How to Determine Your Project’s Program
When folks are setting out on a design journey, many, but not all of them, come to us knowing exactly what they want to do with their project. If you’re someone who isn't quite sure, how do you go about figuring out your dream project’s program? And what can we do as designers to help?
June 2, 2022
You have no idea what you want to do with your property?
This is a question we are asking more these days.
Historically, clients have come to us with a specific design wish-list that we get the privilege of designing. They’ve rented a space where they would like to fit a restaurant with 50 seats, or they want to find room in their bungalow for their growing family, or they want to find ways to create outdoor spaces for bocce ball tournaments.
Wish lists help to determine what we call the program of a project – basically everything you’re hoping to get out of your new or updated space. Whatever the dream or vision, most folks have identified a problem or problems they’d like to solve, and solving those problems is what our team of architects, landscape architects, and interior designers is asked to do!
However, what we’re seeing more of now are clients coming to us with blank slates. They have a space and they want to do…something. It’s not quite a dream yet – they have a dream of having a dream.
As designers, we probably haven’t had the opportunity to create a limitless, highly theoretical, fun, and wild concept since we were in college. That’s one of the best parts of a design education if you ask me. But the truth is, the constraints that come along with most design projects help us do our jobs. It takes a minute to readjust, but if someone comes to us without a program in mind, we’re really being asked to solve a different sort of problem.
How do you design a program when there’s no problem to solve?
When we are presented with challenges like this, they’re most often with larger properties, corporate offices, or retail spaces – places that feel like blank slates.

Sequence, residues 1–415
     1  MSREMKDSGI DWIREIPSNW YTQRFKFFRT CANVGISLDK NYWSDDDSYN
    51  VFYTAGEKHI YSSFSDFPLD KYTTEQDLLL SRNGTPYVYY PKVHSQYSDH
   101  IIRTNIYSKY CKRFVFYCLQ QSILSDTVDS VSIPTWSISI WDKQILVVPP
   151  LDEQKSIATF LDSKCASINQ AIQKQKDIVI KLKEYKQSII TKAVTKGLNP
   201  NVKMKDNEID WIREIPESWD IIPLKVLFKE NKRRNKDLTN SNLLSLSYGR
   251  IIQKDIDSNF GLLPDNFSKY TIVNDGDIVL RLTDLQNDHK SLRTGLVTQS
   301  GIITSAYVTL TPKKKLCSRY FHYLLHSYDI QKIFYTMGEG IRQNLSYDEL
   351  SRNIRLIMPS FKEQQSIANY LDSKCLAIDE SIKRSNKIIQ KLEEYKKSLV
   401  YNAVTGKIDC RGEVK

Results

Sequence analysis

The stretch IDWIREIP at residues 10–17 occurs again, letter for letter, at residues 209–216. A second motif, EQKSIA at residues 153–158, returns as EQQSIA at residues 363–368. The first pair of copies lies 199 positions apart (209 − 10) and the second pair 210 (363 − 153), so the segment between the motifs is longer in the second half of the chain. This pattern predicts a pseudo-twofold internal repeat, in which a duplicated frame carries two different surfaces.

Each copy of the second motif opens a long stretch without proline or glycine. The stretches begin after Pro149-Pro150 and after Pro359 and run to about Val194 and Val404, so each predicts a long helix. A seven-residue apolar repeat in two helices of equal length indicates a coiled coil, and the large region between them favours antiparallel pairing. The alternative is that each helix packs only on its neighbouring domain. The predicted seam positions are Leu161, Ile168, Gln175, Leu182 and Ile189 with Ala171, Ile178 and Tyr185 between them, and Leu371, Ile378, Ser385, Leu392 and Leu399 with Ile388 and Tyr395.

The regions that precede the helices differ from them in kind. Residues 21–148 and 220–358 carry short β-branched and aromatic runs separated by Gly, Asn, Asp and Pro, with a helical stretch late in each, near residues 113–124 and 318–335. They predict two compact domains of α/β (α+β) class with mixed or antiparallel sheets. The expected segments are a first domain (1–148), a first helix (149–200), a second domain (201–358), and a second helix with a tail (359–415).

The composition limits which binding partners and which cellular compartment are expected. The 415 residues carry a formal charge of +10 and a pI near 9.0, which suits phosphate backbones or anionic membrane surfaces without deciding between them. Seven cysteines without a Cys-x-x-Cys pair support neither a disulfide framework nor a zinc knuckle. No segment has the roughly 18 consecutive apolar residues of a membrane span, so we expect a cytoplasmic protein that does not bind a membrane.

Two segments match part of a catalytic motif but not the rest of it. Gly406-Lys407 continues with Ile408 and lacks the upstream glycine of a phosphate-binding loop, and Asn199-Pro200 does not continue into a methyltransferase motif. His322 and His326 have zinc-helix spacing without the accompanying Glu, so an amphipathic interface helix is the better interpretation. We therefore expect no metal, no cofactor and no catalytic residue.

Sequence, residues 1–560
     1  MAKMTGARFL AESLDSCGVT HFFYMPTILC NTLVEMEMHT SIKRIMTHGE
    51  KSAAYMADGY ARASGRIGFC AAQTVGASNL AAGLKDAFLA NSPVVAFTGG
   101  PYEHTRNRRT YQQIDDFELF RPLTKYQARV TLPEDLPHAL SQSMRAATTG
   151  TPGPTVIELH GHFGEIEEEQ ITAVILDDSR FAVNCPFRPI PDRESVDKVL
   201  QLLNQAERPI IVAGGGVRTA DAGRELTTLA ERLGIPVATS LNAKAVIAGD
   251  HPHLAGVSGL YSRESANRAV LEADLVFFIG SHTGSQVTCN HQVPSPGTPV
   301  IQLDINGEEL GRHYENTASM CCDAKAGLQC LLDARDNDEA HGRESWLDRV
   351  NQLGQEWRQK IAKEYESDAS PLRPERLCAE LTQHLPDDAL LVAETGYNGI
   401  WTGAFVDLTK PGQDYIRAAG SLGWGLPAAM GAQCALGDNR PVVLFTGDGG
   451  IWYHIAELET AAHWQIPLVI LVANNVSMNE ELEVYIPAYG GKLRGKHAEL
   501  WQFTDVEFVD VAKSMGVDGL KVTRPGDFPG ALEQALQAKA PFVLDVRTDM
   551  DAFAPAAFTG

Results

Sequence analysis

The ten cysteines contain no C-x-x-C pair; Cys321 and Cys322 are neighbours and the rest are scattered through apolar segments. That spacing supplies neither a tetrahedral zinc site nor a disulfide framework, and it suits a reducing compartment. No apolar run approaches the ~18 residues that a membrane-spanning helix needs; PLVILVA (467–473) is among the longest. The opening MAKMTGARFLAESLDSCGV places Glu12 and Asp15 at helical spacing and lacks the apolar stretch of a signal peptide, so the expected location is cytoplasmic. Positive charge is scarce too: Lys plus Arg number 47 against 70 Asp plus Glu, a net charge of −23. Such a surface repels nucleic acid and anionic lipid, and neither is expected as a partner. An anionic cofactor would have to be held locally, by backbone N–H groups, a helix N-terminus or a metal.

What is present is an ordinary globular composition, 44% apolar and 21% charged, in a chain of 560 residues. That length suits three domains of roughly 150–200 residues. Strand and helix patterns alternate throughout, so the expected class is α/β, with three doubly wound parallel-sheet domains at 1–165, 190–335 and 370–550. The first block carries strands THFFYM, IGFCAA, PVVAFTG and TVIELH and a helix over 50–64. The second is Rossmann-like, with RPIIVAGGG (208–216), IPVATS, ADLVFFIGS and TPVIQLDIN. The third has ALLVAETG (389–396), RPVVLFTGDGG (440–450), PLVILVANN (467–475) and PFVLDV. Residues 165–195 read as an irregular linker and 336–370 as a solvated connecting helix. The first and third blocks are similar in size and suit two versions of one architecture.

My favorite challenge (and this is probably just of the moment, I’m sure I’ll think of a different preference in a year) is designing a program for a large property. Often these properties are treasured spaces for the people who own them. Maybe they have a significance to family history, there could be an outstanding view, or a series of really wonderful outdoor areas, but in all these cases, there’s a calling out for something to activate the various parts of the property.
Where do we begin?
Before we start, we need to look at a few factors to help us narrow down what exciting ideas are promising. At this stage in the process, we’re dreaming right alongside our clients before we’re really designing. We’re looking at inspiration images, literally sitting and thinking about the site, sketching some high-level concepts, and talking with our clients about what they’ve started imagining.
We need to be aware of that reality at the first step. A budget doesn’t necessarily limit the options at this early stage but it’s the anchor around which our options rotate. Sometimes you need to know what your budget can get you, and even what it can’t get you, to make informed decisions.
Unique Property Characteristics
Is there a stream that would warrant a bridge? A field that you could picture a group dinner in? Or maybe even a dense forest that you want to carve some trails through? The diamond-in-the-rough aspects of a property or house are always a great place to start looking for unique design solutions.
Hobbies or Interests
Do you like to play music or read? What if there was a special spot to do those things away from the main house? Do you love to swim on vacation and maybe hasn’t considered a pool for their own home? Sometimes folks forget a home doesn’t just have to be bedrooms, kitchens, and bathrooms. Finding ways to add in private spaces for hobbies, work, or other interests can open a world of possibilities in design.
Long Term Goals
Does this person envision grandchildren coming to visit for years to come? Do they plan on staying in the home for the long term or is this a home they want to sell in a decade? People design homes they eventually move out of all the time, so knowing you’re going to leave a home isn’t necessarily a sign you shouldn’t make it work for you now. But it does help us understand what types of updates or additions are going to be the best investments for you. Someone who’s planning their forever home might be more willing to take on specialized and personalized solutions that don’t necessarily improve the resale value of their home but improve their enjoyment of it.
What are the privacy considerations from neighboring properties? And how much privacy do you want? Answering these questions can help focus our design solutions on giving you the outdoor spaces you need and want. We can sculpt a landscape to naturally block site lines, create interesting plantings to hide blank walls on neighboring sites, or strategically place outbuildings and ADUs.
This early process can take some time to create a list of possibilities that the client responds well to. We find that when we can start mixing some of this dreaming with early design work we can help find that magic spark of an idea that really resonates with the design team and the clients. There’s that moment when you see the idea really sizzle in someone’s eyes. That’s when we really love what we do.
Solving a problem as big as you have no idea what you want to do with your property? isn’t something that we see with all our clients, but when we do, it’s a fun and rewarding process.